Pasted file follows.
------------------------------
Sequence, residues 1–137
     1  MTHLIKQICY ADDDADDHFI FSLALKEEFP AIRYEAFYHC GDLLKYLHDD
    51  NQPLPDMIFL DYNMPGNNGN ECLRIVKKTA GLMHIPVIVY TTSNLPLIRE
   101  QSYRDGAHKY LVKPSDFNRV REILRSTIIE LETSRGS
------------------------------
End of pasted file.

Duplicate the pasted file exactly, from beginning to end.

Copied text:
Sequence, residues 1–137
     1  MTHLIKQICY ADDDADDHFI FSLALKEEFP AIRYEAFYHC GDLLKYLHDD
    51  NQPLPDMIFL DYNMPGNNGN ECLRIVKKTA GLMHIPVIVY TTSNLPLIRE
   101  QSYRDGAHKY LVKPSDFNRV REILRSTIIE LETSRGS